Safer Code with ES6 Destructuring — Explained in One Example

Esbjörn Blomquist
2 min readOct 30, 2019
Uncaught TypeError: Cannot read property ‘x’ of undefined

Recognize this? Seen this before? It is perhaps the most common error in Javascript.

Error prone dynamic data

We often deal with dynamic data in complex structures in all web applications (browser + node.js) which, when we try to use that data, might produce unexpected behaviors and errors.

Let’s look at a small example where we have a collection items (key indexed) of objects with certain properties. We need to get hold of an item's parent, and some properties from that parent item. It could look like this:

But this is a whole bunch of delicious baits for the unforgiving X-of-undefined-creature. It will jump out, attack you from the side, and bite you — hard!

The problem is that we expect item to have a parent and that this parent id exists in items and that the parent item has both types and name defined. types might also cause problems further ahead if it is assumed to be an array.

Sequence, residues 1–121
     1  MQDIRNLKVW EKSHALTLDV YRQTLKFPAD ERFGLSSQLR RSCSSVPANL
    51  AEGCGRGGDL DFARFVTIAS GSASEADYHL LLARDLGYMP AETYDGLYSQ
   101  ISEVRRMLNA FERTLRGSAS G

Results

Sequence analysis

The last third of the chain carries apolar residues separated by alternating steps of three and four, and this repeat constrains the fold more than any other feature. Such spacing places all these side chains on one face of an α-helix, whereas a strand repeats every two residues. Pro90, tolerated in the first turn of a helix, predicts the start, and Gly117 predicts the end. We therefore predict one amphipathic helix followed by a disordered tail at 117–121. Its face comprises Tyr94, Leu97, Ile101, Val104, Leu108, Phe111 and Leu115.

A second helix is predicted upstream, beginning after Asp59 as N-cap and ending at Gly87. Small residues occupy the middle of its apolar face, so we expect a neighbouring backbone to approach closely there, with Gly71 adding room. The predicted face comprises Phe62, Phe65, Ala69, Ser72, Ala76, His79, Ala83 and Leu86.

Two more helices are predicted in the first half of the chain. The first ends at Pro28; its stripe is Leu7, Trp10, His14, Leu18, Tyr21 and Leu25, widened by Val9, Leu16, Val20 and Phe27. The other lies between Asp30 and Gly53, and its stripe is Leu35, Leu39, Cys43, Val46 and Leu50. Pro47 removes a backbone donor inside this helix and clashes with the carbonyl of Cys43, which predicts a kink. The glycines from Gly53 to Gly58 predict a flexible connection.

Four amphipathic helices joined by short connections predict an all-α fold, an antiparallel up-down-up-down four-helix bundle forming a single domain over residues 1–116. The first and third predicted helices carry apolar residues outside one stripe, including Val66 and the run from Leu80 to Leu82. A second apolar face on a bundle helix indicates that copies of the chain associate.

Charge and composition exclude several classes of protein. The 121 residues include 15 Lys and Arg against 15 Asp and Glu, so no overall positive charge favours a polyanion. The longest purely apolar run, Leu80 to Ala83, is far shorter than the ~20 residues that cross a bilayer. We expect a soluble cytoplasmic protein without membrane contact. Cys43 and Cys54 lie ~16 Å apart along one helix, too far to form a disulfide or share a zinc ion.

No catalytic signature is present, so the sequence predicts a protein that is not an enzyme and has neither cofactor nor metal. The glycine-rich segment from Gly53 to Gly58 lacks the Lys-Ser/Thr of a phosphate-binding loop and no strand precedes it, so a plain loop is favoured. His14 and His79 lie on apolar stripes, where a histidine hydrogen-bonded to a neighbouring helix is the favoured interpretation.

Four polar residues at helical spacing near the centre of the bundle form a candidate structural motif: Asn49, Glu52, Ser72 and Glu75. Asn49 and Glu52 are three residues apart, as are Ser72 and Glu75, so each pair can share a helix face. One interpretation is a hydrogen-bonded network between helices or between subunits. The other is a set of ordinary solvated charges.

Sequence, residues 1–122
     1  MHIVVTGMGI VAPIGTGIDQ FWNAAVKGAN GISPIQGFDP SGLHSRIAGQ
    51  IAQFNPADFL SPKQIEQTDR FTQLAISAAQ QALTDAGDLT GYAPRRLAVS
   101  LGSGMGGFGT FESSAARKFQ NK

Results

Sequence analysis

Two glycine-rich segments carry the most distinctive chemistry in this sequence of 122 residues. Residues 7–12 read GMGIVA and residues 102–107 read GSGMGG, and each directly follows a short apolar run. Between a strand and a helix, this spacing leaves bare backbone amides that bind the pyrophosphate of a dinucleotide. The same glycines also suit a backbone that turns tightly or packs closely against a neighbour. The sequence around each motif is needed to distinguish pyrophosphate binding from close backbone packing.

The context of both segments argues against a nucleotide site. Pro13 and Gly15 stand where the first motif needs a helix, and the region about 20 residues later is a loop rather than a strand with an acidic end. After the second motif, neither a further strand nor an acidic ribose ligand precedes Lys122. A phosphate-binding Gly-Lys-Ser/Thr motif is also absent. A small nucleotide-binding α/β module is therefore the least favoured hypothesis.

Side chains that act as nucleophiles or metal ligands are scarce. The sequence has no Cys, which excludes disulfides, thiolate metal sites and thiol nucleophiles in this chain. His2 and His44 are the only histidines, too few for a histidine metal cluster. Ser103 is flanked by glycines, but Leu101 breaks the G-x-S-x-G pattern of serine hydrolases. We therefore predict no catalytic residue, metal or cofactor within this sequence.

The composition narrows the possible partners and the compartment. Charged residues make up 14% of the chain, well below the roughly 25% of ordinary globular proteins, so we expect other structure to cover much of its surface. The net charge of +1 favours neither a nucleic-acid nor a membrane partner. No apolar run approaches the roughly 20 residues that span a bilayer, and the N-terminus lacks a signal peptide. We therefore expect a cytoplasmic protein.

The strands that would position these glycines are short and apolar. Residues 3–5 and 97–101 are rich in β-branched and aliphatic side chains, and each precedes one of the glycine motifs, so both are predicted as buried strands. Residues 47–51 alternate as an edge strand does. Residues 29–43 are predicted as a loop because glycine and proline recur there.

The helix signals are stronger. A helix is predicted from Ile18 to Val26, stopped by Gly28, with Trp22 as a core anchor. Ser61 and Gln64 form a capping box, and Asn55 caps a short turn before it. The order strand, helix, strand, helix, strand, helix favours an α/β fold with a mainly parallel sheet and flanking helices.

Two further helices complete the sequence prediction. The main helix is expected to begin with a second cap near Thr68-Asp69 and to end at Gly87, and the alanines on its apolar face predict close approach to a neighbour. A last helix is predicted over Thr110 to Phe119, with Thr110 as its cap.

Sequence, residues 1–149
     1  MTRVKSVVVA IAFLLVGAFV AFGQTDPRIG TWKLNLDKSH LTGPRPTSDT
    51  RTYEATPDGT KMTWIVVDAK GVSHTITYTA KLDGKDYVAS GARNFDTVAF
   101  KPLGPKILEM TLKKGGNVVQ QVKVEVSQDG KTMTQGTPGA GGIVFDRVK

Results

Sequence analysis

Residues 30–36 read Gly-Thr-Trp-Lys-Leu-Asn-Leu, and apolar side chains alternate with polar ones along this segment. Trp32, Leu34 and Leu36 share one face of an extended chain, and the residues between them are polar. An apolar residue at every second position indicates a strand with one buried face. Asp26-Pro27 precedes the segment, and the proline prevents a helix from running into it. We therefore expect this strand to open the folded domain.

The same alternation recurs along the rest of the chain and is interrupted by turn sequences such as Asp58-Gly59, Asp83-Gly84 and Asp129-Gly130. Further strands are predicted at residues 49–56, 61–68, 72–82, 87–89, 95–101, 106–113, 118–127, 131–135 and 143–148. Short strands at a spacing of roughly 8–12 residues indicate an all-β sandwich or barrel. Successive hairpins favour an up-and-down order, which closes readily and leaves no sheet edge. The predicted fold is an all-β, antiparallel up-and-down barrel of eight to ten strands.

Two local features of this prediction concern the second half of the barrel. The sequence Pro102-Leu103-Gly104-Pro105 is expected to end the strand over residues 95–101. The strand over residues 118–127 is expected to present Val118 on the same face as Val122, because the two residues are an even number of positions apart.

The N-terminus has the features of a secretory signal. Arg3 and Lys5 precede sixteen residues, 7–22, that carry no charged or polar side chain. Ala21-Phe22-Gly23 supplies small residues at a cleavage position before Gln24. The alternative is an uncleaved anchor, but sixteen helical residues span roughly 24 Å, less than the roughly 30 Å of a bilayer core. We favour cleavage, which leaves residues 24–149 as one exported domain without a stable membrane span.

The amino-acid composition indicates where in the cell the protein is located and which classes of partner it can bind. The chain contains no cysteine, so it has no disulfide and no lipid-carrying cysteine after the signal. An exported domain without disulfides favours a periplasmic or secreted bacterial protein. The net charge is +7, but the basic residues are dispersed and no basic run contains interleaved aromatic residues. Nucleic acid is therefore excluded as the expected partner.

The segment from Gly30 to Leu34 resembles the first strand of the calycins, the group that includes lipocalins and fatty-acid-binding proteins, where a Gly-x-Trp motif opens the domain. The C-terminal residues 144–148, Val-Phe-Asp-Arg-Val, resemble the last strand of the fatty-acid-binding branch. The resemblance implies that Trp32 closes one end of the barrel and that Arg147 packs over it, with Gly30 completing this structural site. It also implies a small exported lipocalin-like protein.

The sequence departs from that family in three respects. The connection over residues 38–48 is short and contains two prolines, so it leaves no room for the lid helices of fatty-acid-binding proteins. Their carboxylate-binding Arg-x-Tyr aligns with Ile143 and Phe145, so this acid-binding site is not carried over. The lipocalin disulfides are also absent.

Fallback default values to the rescue?

We have to insert multiple fallback default values, perhaps like this:

Ok, so we can feel rather safe now perhaps? But it looks a bit messy and unstructured, doesn’t it?

ES6 Destructuring

Let’s start over completely and try the amazing ES6 Destructuring syntax:

We first destructure item and also rename its parent property to parentId (because we can, otherwise it would automatically get the nameparent).

Then we find the parent in items by destructuring that whole collection, and at the same time we also destructure the parent to reach into it and get both types and name, with fallback defaults.


If we…

Use destructuring as much as possible:

  • Whenever we need something from within an object or array
  • Use eslint to get warnings and help

Try to always think about default values in our destructurings:

  • Much in the same way that we are used to with function arguments

…we might then be able to better shield ourselves against X-of-undefined errors.

A big bonus: Half the code size!



Esbjörn Blomquist

Software architect and developer with web and functional JavaScript close to his heart. Worked many years with web solutions mainly within the IoT field.